Fraxinus latifolia - Oregon Ash

Family: Oleaceae - Olive Family [E-flora]

Red Listed species in B.C. [E-flora]

"Fraxinus latifolia is a deciduous Tree growing to 20 m (65ft 7in).
It is hardy to zone (UK) 6. It is in flower in April, and the seeds ripen in October. The flowers are dioecious (individual flowers are either male or female, but only one sex is to be found on any one plant so both male and female plants must be grown if seed is required) and are pollinated by Wind.The plant is not self-fertile."[PFAF]
"Suitable for: light (sandy), medium (loamy) and heavy (clay) soils. Suitable pH: acid, neutral and basic (alkaline) soils. It cannot grow in the shade. It prefers moist soil. The plant can tolerate maritime exposure.
It can tolerate atmospheric pollution."[PFAF]

“Oregon ash is a native tree species found in North America along the Pacific coast. It is reported from California, Oregon, Washington and British Columbia (USDA 2010). In British Columbia, its origin status is unclear and it has been considered both native and introduced. It was first reported from Victoria in 1883 by John Mcoun, who considered that population introduced, but later reported by him from Cloverdale (1887, 1893), where he considered it native.(Ceska et al. 1984). In 1983, it was reported from the Port Alberni area, but the origin status of this population was not clear (Ceska et al. 1984). Earlier authors (e.g. Henry 1915) have concluded it was introduced, however, Douglas et al. (1999) included the species in the BC flora as a native species. Hebda (2004) points to the long presence of ash pollen in the fossil records for BC, indicating that its presence in BC is likely native. He says: "...the pollen record reveals that ash has been a native species for nine and half millennia, though it has never been abundant".” [IFBC-E-flora]

General: Deciduous tree up to 25 m tall; bark rough, grey-brown, with deep cracks at maturity, young twigs and leaves hairy to woolly." [IFBC-E-flora]

Habitat/Range: "Swamps and estuaries in the lowland zone; rare on W Vancouver Island; S to CA." [IFBC-E-flora]

"The seed is best harvested green - as soon as it is fully developed but before it has fully dried on the tree - and can then be sown immediately in a cold frame[80]. It usually germinates in the spring[80]. Stored seed requires a period of cold stratification and is best sown as soon as possible in a cold frame[200]. Prick out the seedlings into individual pots when they are large enough to handle and grow them on in a cold frame for their first winter. Plant them out into their permanent positions or a nursery bed in late spring or early summer of the following year. If you have sufficient seed then it is possible to sow it directly into an outdoor seedbed, preferably in the autumn. Grow the seedlings on in the seedbed for 2 years before transplanting either to their permanent positions or to nursery beds."[PFAF]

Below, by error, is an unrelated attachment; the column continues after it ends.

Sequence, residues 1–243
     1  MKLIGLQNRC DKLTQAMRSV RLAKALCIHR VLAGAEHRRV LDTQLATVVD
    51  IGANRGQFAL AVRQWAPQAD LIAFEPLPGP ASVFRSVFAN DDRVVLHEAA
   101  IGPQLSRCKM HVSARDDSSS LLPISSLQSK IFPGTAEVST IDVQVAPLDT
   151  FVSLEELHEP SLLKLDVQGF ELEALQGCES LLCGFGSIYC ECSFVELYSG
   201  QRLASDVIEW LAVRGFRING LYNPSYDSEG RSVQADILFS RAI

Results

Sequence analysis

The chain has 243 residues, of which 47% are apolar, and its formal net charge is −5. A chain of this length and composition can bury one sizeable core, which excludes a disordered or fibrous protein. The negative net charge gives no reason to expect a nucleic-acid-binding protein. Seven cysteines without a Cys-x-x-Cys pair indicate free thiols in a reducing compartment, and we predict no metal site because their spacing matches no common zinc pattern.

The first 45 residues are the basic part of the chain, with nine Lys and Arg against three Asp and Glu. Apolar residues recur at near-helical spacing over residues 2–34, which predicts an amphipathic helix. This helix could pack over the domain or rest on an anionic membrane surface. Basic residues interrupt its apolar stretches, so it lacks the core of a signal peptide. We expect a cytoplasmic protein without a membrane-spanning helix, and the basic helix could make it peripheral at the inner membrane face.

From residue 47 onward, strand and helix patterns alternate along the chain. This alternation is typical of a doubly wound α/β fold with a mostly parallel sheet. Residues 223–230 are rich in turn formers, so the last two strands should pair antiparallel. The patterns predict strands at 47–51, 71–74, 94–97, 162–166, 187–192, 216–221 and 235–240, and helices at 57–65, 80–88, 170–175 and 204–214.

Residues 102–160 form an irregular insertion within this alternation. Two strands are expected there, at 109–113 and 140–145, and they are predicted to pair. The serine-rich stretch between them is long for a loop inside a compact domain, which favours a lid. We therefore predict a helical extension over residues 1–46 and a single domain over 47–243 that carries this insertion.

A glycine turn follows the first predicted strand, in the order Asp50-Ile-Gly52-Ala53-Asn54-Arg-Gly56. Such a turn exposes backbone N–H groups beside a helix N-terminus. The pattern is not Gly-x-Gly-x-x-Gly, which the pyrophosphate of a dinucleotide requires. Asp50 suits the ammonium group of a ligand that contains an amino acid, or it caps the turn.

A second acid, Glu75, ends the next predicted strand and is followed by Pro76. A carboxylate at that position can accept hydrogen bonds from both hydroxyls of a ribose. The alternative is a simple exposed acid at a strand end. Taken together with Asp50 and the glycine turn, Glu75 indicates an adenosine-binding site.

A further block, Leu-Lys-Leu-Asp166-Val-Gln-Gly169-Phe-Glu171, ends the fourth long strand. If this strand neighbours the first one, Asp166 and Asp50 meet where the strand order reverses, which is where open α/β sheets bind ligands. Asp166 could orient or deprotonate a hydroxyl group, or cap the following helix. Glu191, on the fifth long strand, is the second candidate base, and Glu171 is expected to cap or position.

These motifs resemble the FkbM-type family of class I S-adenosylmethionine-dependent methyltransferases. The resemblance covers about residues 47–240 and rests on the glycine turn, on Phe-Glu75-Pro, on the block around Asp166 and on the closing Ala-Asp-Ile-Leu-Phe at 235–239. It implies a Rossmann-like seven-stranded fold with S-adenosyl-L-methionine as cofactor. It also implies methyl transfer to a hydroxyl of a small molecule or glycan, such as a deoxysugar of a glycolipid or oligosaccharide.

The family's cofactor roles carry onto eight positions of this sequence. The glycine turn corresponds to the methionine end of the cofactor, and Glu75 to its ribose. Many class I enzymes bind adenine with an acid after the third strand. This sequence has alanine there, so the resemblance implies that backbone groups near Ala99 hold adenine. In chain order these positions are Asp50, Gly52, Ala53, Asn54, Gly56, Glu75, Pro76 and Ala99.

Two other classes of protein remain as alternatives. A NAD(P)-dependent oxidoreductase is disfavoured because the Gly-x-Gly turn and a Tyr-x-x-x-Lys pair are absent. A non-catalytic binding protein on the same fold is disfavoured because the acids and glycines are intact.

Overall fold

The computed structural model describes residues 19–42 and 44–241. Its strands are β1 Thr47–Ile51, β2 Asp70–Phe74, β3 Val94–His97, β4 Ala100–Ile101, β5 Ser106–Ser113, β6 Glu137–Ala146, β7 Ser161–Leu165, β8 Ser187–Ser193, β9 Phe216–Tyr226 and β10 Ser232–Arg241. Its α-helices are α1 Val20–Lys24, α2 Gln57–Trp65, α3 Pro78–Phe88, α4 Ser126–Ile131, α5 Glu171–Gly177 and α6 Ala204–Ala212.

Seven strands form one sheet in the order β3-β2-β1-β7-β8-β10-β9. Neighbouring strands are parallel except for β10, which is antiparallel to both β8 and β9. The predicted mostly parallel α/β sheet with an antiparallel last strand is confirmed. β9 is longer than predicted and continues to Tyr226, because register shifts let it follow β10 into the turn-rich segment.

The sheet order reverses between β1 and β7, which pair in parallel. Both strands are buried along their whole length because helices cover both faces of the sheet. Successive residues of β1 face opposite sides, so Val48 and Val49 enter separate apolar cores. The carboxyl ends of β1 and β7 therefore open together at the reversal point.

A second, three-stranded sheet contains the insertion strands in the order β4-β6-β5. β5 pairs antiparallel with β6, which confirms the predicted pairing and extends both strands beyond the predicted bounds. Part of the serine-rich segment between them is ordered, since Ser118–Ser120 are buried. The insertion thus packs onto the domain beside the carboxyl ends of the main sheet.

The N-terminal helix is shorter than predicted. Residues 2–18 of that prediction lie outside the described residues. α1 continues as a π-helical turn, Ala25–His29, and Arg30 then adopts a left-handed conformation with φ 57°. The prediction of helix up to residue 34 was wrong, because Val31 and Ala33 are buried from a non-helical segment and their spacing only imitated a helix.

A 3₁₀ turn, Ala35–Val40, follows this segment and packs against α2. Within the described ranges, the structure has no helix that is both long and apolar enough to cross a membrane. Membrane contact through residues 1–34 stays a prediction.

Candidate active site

"Prefers a deep loamy soil, even if it is on the heavy side[1, 200]. Most members of this genus are gross feeders and require a rich soil[11, 200]. Plants succeed when growing in exposed positions[200] and also in alkaline soils[11]. They tolerate atmospheric pollution[200]. A fast growing tree for its first 75 years in the wild, it then grows slowly reaching a maximum age of 250 years[229]. This species is closely related to F. pennsylvanica[200]. Dioecious. Male and female plants must be grown if seed is required." [PFAF]

Fraxinus Sp.- Ash

"± 65 species: temperate. North America, Eurasia, tropical Asia. (Latin: ancient name) [Little 1952 J Washington Acad Sci 42:369–380; Miller 1955 Cornell Univ Agric Exp Sta Mem 335:1–64] Fraxinus uhdei (Wenzig) Lingelsheim, Mexican ash, cultivated in western United States; similar to Fraxinus velutina, with ± larger leaves and leaflets, generally with stiff hairs to 0.5 mm bordering abaxial midvein and occasionally 2° veins abaxially (as occasionally in Fraxinus velutina), and ± larger fruit, but margins tapered to near base of fruit body; native northern Mexico to Honduras." [Jepson]

Local Species;

Ash - Fraxinus excelsior

Manna - Fraxinus ornus

Northern Ash - Fraxinus rhynchophylla

Ash - Fraxinus sp.

"Most ash seeds are winged fruits and all exhibit dormancy. Normally the winged fruits remain on the tree until late winter or early spring, when they are scattered by the wind."
"Collecting Seeds: Collect seeds in late fall before they blow away. When to Plant: The seeds lose viability in storage and should be planted a soon as possible after collecting. A fall planting might germinate the next spring. Breaking Dormancy: Some species of ash may take two years to germinate. Many ash seeds chilling them to help break down the seed coats. Flowering ashes, F.armericana and F.pennsylvanica, have less stubbornly dormant seeds and will often germinate well the spring following that have been stored, stratify the seeds for 2 1/2 to 3 months at 400F (40C).
Growing Conditions: Shade the seedbeds lightly for a few weeks after germination." [NSSH Bubel]

"FRAXINUS (Ash) BARK. Cold or Standard infusion 2-4 ounces to 3X a day." [Moore(1995)]